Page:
Those groups remain far more powerful than al-Qaeda ever was because they’re rooted in national movements and conditions, and have built popular support bases over many years.  Just as Lenin’s Comintern proved an unworkable model for global revolution, so did al-Qaeda prove to be a chimera. The center of gravity of opposition to the U.S. and its allies in the Muslim world  remains with nationally-based movements who are confronting a specific enemy around a clear set of grievances and goals that are at least conceivably attainable. Hamas or Hezbollah are not much interested in restoring a Caliphate to rule from Spain to Indonesia; their goals are far more specific and localized. And in the end, while Bin Laden’s movement could blow things up, it failed to ignite any sustainable forms of struggle – like Che Guevara (also remembered more as a T-shirt icon of rebellion than for his rather unfortunate ideas of how it should be pursued), Bin Laden found that simply taking spectacular military action against even a hated foe would not necessarily rally the masses to join him in struggle or confront their own local tyrants. (Indeed, as much as they hated the U.S., many Arabs seemed unable to “own” 9/11, instead blaming it on the CIA or the Mossad, insisting that “Arabs could not have done this.”)

No decent people will grieve at Bin Laden’s passing. But nor will his elimination alter the challenges facing Washington in an Arab world that has found its own ways — quite different from Bin Laden’s — for challenging the writ of the U.S. and its allies in the Muslim world. Bin Laden may have desperately sought the mantle of champion of Muslim resistance to the West, and a traumatized American media culture may have briefly granted him that role in the months that followed the horror of 9/11, but where it mattered most, among his own people, Bin Laden was an epic failure.

As I wrote last September,

Bin Laden’s problem from the very beginning was that while (polls show) a majority of Muslims around the world might have agreed with his charge of U.S. malfeasance in its dealings in the Middle East, only a tiny minority identified with terrorism as a response. Despite the virulently anti-American attitudes revealed in opinion surveys in parts of the Muslim world after 9/11, very few people were prepared to condone attacks on innocent civilians. That’s why so many people in Egypt and Pakistan bought into conspiracy theories about the CIA or Israel’s Mossad being behind the attacks.

The ubiquity of bin Laden’s image in the wake of the attacks suggested that he might become a kind of jihadist Che Guevara, destined to live on long after his death on an endless stream of T-shirts and tchotchkes. (Of course, he’d first have to be killed to test that theory.) But there’s another connection: Like the Saudi jihadist, the Argentinian revolutionary had mistakenly assumed that simply demonstrating through violence that a hated enemy was not invulnerable would automatically rouse the masses to rebellion.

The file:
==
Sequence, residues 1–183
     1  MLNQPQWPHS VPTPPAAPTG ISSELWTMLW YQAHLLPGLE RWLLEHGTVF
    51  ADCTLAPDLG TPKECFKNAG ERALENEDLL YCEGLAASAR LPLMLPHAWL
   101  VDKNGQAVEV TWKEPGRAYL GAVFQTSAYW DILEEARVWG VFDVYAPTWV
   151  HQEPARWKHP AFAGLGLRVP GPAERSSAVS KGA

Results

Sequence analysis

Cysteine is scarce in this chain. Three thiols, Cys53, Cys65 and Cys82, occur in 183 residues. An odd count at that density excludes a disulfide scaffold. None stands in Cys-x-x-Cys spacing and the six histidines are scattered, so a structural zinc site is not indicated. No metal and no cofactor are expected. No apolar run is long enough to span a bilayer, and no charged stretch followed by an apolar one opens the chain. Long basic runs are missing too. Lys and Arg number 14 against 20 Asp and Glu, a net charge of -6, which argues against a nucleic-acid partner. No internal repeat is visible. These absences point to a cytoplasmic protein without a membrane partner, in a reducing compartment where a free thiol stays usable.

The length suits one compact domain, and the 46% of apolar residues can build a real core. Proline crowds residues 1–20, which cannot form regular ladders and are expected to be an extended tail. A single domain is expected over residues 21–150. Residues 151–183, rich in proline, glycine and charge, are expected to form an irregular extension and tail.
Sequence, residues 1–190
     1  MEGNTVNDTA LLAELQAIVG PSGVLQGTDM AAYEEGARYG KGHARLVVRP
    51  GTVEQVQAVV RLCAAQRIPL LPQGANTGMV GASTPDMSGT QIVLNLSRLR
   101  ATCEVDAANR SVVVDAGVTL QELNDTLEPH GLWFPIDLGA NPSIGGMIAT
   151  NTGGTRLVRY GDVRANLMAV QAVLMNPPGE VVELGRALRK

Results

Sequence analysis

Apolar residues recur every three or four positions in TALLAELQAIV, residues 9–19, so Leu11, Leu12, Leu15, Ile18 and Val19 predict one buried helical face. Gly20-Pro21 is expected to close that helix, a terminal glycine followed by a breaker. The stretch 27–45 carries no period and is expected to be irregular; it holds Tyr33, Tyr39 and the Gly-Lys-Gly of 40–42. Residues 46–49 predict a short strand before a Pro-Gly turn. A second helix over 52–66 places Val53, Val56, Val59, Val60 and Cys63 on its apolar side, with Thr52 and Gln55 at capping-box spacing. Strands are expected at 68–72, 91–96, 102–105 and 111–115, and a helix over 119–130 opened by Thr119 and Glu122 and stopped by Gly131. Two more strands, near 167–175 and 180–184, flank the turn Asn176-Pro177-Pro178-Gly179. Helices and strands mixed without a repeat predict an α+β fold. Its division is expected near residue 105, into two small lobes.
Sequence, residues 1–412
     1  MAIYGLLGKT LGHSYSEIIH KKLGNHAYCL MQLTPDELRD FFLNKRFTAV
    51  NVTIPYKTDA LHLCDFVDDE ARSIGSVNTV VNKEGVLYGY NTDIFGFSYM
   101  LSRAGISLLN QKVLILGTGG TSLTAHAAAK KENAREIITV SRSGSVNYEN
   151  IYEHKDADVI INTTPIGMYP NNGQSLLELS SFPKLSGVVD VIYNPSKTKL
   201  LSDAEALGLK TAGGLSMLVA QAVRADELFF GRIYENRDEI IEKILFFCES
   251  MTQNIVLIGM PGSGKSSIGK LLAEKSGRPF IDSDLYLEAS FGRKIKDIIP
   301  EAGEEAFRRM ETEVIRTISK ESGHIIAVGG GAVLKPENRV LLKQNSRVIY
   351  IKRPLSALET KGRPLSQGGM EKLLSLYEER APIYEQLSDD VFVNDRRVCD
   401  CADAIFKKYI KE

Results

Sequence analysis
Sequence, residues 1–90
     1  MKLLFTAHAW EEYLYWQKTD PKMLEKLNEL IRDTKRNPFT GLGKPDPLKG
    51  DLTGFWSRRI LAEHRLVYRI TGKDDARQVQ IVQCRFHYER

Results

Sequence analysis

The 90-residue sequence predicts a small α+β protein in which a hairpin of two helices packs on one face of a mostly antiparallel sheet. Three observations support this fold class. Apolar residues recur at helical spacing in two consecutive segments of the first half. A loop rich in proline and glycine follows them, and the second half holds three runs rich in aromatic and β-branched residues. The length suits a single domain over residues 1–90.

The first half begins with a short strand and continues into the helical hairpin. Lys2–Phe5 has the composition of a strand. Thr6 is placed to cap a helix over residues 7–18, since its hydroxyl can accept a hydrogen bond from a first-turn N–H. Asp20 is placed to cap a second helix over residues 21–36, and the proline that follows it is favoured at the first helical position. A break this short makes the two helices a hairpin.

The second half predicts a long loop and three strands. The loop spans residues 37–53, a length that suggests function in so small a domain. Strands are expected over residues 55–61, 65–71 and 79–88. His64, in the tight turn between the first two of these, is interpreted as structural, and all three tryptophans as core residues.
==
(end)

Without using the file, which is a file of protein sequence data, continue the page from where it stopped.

While the 9/11 attacks made bin Laden the focus of American fear and rage, his “global jihad” failed to either eclipse or enlist its more localized Islamist rivals. Hamas confined itself to striking Israeli targets, and to competing with Fatah for local political power at the ballot box and on the streets; Hizballah continued to lock horns with Israel on its northern border and to engage in the complexities of Lebanese politics; Iran actually helped the initial U.S. military campaign in Afghanistan, although it soon resumed its struggle with Washington and its allies for influence throughout the Middle East. Al-Qaeda may still figure in U.S. debate, but it no longer garners any attention in the Arab political conversation — prompting it to issue increasingly hysterical denunciations of Hamas, Hizballah and Iran.

The only al-Qaeda “chapter” to gain any traction was the one that came into existence in Iraq in response to the U.S. invasion, and thrived while its presence was tolerated as a force multiplier by mainstream Sunni insurgents. But the group’s ideology and propensity for vicious sectarian murder of Shi’ites turned the insurgents against them, and eventually the bulk of the insurgency turned on al-Qaeda, with many Sunni insurgents going onto the U.S. payroll under the rubric of the “Awakening” movement. (The uptick of al-Qaeda attacks in Iraq in recent months has coincided with the growing alienation of Sunnis, particularly in the “Awakening” movement, from the Shi’ite-led government. And a political solution to Iraq’s political conflict will no doubt once again shut it out.)

A similar fate almost certainly awaits the movement in Afghanistan, where its erstwhile Taliban ally is fighting a nationalist campaign against foreign armies, which will inevitably end in a power-sharing political settlement. And even Taliban leaders have indicated they won’t allow their territory to be used as a base to export terrorism.

If anything, hostility towards the U.S. in the Muslim world has actually escalated over the past nine years, because of the wars in Afghanistan and Iraq and Israel’s conflicts with its neighbors. But al-Qaeda, ironically, remains on the margins. It’s not inconceivable that bin Laden’s men will get lucky again at some point in the future, but not even another major terror strike would change the basic calculus of al-Qaeda’s demise.

Read TIME’s obituary; See pictures of Osama Bin Laden; Watch a video about Ground Zero then and now.

More on Time.com:

Photos: Closure at Ground Zero

Photos: The U.S. Celebrates bin Laden’s Death